And my favourite: Mike Sillinger playing for 12 different franchises. Although Jagr was on good path to break this one.
     
  19. The Panther

    The Panther Registered User

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    The most recent time the Leafs won a playoff series past the second round was 1932.

    That's got to be some kind of record...

    *********

    Look at how close the Rangers were to losing that 1994 Final. If they had, we'd probably today be looking at a 77-year dry spell since their last Cup...
     
  20. bobholly39

    bobholly39 Registered User

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    I'm not trying to diminish Gretzky's offensive records of 163 assists or 92 goals. But I don't think it's nearly as impossible as you think that they're both beaten.

    The NHL is all about increasing offense. They'll eventually tweak the rules enough to make it so. A Connor McDavid can score 164 assists or 93 goals in a much more offensive minded league (moreso than even the 80s of course).

    I think there are other more unique records that won't be touched than straight out offensive records.
     
  21. brachyrynchos

    brachyrynchos Registered User

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    Goalie Alex Connell went 461 minutes 29 seconds without allowing a goal, 6 consecutive shutouts for Ottawa. Over the span of 7 games and 2 periods, January 31 to February 18 1928 he stopped everything that came his way, remarkable.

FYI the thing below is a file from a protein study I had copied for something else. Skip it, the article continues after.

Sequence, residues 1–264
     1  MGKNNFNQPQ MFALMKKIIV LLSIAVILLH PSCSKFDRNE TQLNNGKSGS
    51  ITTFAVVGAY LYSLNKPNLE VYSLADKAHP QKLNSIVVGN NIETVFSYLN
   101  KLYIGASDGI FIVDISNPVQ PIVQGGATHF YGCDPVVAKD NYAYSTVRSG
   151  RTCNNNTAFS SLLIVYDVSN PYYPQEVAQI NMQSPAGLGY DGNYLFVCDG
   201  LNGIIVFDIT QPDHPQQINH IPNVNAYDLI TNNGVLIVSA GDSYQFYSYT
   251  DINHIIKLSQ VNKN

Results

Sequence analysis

Most recent was Brian Boucher w/ Phoenix during the '03-04 season, 332 minutes 1 second. 5 consecutive shutouts (his only shutouts over the course of 3 seasons w/ Coyotes. He only recorded 12 more, playing 323 games)
    It would take not only a really good goalie, but strong defense and bad opposition. And alot of luck, too.
     
    Last edited: Mar 2, 2018
  22. vadim sharifijanov

    vadim sharifijanov ugh

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    i don't foresee two players finishing 1-2 in team scoring for ten straight years anytime soon

    [​IMG]
     
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  23. Panthera

    Panthera Registered User

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    Wow

    A 6.10 GAA for a full season is certainly an "impressive" record (and one I sure hope no one on my team ever touches...). Sometimes people ask how much of a high GAA is the goalie being bad and how much is the defense being bad, but in this case I feel safe in saying it must have just been bad all over.
     
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  24. cupcrazyman

    cupcrazyman Chex Lemeneux

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    Didn't they kick out players back then ?